Amazon workers arrive with paperwork to unionize at the NLRB office in Brooklyn, New York, on October 25, 2021.
Brendan McDermid | Reuters
Employees in a company Amazon A warehouse near Albany overwhelmingly rejected an effort to unionize on Tuesday, dealing a blow to a nascent labor union seeking to organize workers at the retail giant.
There were 206 votes in favor of numerical unity and 406 against. Officials said the 949 workers at the ALB1 warehouse had the right to vote on whether to become part of the Amazon Labor Union. Four votes were disallowed. Election results still need to be approved by the National Labor Relations Board.
The results mark the latest setback for the Amazon Labor Union, a grassroots organization of current and former Amazon employees, that won a historic victory at the JFK8 warehouse on New York’s Staten Island in April. The group also lost votes at a nearby warehouse on Staten Island in May.
ALU chairman Chris Smalls said the voting process was “not free and fair”, suggesting that the union could challenge the election results. ALU’s lawyers have already filed 27 unfair business practices charges against the company with the National Labor Relations Board.
“It was a bogus election, where workers were subjected to daily intimidation and retaliation, and even workers who volunteered to be election watchers faced threats of dismissal,” Smalls said. said.
In a statement to CNBC, Amazon spokesperson Kelly Nantel said: “We are delighted that our team in Albany has made their voices heard and that they have chosen to maintain a direct relationship with Amazon, as we think this is the best arrangement for both our employees and our customers.”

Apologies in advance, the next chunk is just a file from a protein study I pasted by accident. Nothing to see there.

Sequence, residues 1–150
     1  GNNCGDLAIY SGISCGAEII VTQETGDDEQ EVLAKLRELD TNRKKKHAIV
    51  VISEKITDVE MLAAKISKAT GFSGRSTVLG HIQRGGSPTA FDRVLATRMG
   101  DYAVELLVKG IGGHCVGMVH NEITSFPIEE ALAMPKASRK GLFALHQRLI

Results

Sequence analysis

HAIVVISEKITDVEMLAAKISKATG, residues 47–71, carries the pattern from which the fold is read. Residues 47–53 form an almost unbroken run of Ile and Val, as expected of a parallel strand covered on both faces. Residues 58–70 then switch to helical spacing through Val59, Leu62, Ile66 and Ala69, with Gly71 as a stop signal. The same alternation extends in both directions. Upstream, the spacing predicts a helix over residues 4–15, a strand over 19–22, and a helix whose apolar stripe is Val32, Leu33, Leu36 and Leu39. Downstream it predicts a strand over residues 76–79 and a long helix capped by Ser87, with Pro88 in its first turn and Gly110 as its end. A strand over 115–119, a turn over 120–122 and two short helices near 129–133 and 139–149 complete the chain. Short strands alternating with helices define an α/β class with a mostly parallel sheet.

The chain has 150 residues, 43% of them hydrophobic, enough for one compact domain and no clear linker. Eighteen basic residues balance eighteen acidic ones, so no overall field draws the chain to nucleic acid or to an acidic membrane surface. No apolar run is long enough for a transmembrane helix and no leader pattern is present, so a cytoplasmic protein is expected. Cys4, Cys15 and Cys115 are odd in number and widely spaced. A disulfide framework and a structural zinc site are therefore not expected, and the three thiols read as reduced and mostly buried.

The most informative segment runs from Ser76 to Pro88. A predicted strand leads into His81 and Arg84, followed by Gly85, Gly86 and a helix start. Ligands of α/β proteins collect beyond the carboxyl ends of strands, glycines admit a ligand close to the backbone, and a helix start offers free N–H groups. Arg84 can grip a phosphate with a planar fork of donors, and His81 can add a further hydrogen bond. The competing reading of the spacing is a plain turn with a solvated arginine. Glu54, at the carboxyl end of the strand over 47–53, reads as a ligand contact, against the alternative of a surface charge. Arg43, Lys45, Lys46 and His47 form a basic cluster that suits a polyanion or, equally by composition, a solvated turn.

We are glad that our team in Albany was able to make their voices heard and that they have chosen to maintain a direct relationship with Amazon as we think this is the best arrangement for both our employees and our customers. We will continue to work directly with our colleagues in Albany, as we do everywhere else, to make Amazon better every day.
Workers at ALB1 hoped the union would help workers earn higher wages. Last month, Amazon increased the starting wage at the facility from $15.70 an hour to $17 an hour, alongside wage increases for front-line workers in the country.
ALB1 organizers also expressed concerns about working conditions, saying that the fast pace of work leads to high injury rates and employee burnout.
ALU’s victory at JFK8 was a turning point for the labor movement and established the first unionized Amazon warehouse in the US.
But the union has yet to negotiate a contract at JFK8 as it is locked in a legal battle with Amazon, which argues the results should be cancelled. An NLRB official recently recommended that the company’s appeals should be dismissed. Amazon said it would object.
Amazon is facing a surge in worker organizing across the country. Last week, workers at an Amazon warehouse in Southern California filed a union petition in hopes of joining the ALU. Amazon employees at facilities in California, Illinois, and Georgia recently went on strike at the time of Amazon’s fall Prime Day sale event to encourage the company to respond to employee working conditions concerns.